The upshot? Remember what your mother said – Stop acting like an idiot or someone is going to lose an eye! Also, don’t blame others for your own mistake.

  13. [...] Reader Question: Cross-Pein Explosion Reader Gil sent in a question about acceptable tools for the job.  He asks, “Can I use a 3-pound cross-pein #3 sledge hammer on masonry chisels?  Or will the hammer explode like a clay-more?” Toolmonger readers sound off on what’s up. [...]

  14. Gil L. Braverman says:

    Thanks to everyone for your comments and for making this post #1!!

  15. SuperJdynamite says:

    “Regarding the court document found by Joe Birmingham, the jury found the plaintiff (the guy who lost his sight in one eye) as the responsible party”

    The issue isn’t about culpability — it’s about whether hammers will chip or shatter.

  16. BobH says:

    I used to work in the log home industry in Montana, and one day at work one of my fellow workers got metal in his eye when two hammer heads were hit together and one of them exploded. I was 20 feet away when it happened, so this is not here say. This was 20 years ago. I forget why we occasionally had to do such things with hammers, but you can be sure we did it more carefully after that.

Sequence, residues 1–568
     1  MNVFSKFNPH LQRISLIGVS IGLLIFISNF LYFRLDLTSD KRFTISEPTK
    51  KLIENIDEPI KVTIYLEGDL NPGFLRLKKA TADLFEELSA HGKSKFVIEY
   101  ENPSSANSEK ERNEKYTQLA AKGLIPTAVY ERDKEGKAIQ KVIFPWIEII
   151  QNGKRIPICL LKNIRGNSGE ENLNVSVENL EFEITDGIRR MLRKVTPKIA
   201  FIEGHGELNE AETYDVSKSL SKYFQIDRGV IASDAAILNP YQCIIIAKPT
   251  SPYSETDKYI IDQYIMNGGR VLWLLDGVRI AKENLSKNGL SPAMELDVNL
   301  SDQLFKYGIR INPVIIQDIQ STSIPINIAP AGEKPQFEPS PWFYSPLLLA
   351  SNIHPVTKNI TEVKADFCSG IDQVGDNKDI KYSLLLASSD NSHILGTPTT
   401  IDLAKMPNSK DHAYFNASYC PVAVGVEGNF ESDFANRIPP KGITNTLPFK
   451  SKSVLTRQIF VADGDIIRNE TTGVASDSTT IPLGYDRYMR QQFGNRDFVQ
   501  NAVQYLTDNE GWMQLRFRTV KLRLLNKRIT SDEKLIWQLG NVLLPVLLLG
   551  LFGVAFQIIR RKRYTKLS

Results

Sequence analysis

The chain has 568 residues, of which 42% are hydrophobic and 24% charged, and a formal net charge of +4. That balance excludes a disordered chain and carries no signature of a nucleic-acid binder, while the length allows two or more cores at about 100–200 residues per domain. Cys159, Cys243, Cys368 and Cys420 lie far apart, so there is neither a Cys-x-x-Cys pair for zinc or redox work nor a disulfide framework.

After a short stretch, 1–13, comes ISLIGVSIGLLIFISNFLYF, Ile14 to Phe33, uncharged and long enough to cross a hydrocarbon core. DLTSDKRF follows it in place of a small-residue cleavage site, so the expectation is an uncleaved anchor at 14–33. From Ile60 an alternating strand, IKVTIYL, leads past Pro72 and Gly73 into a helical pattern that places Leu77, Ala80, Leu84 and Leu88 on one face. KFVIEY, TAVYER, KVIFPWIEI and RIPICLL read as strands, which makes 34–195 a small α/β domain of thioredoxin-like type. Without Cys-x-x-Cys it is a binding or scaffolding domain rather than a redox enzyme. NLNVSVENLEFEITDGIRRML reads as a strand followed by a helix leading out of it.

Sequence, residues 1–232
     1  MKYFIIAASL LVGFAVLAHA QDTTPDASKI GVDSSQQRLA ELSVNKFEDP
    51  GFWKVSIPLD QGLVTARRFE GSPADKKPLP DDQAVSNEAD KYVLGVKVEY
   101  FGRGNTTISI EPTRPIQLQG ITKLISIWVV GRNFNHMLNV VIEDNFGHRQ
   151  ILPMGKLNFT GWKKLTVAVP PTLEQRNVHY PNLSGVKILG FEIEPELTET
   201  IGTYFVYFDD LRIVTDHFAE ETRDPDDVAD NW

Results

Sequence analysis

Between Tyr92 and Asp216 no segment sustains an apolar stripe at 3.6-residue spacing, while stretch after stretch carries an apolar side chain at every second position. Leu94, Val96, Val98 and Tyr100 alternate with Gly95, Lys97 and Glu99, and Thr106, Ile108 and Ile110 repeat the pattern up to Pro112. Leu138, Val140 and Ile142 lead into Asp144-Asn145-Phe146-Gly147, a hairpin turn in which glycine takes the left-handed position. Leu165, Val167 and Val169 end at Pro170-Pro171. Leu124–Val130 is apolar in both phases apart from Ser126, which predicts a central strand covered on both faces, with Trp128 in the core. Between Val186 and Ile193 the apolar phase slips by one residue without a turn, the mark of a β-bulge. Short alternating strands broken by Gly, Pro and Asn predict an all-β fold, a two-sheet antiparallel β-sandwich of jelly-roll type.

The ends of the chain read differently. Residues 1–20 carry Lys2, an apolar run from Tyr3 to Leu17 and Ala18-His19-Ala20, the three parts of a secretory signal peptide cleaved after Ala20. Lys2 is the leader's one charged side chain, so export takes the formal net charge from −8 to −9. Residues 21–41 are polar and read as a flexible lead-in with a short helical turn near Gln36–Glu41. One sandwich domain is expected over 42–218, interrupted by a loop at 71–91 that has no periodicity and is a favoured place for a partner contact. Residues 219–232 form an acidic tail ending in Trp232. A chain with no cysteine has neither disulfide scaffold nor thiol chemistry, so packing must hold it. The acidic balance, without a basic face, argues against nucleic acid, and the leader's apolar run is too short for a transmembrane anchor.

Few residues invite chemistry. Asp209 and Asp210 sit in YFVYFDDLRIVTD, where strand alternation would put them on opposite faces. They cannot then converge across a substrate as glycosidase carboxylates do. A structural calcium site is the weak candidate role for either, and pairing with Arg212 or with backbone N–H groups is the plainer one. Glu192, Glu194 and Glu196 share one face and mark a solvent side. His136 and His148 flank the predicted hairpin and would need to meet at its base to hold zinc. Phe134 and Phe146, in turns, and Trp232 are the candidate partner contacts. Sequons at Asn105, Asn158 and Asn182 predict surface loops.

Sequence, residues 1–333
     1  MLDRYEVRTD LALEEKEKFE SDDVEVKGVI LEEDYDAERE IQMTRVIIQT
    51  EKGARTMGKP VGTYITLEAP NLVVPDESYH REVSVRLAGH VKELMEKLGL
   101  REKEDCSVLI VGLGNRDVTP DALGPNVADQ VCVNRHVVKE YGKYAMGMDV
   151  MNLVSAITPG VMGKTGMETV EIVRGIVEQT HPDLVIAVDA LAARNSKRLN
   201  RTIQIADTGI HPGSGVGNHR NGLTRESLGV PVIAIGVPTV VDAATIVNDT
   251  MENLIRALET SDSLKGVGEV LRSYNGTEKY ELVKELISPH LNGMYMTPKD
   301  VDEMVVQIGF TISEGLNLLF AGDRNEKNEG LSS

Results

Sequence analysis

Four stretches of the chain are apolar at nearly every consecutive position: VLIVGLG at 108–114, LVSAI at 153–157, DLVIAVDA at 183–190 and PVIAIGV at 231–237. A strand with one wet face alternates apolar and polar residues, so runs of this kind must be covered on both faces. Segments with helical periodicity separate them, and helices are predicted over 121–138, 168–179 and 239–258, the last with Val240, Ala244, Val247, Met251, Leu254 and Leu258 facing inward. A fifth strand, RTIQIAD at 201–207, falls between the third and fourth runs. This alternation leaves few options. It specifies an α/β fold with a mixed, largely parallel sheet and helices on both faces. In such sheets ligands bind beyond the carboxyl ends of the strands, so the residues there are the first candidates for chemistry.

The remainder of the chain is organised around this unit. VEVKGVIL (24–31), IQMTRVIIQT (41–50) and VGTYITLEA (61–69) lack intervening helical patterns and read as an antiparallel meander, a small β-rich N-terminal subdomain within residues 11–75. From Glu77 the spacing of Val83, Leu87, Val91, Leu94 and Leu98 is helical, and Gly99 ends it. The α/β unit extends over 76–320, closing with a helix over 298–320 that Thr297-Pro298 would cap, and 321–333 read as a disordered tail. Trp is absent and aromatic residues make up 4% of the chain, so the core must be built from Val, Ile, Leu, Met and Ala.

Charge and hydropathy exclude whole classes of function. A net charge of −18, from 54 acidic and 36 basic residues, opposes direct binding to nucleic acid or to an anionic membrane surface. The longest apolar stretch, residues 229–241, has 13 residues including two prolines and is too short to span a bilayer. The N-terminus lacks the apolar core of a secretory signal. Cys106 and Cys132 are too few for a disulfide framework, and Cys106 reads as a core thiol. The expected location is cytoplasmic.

I remember everyone’s surprise because the hammers were not hit together all that hard.

    No idea what brands of hammer were involved. His injury was not permanent. Eye protection would have prevented his injury.

  17. > The issue isn’t about culpability — it’s
    > about whether hammers will chip or shatter.

    And clearly, occasionally, they will at least chip. But if you’re smacking a masonry chisel with a hammer, there’s probably some, you know, MASONRY involved in the operation, and that stuff chips and shatters just fine. Which is kind of the point.

    So yes, if you’re smashing up masonry and don’t wear eye protection, you’re liable to get something in your eye.

    If you’re wearing eye protection, though, you’re far more likely to break your hand with that big hammer than you are to injure any other part of your body with flying fragments, and said fragments are very unlikely to include any steel.

  18. Bob The Drywall Guy says:

    I may just be a drywall junkie, but it would seem like smashing two hardened steel hammer faces together would be a great way to chip a hammer.. If you hit a hammer face with something just as hard, no real good can come of it.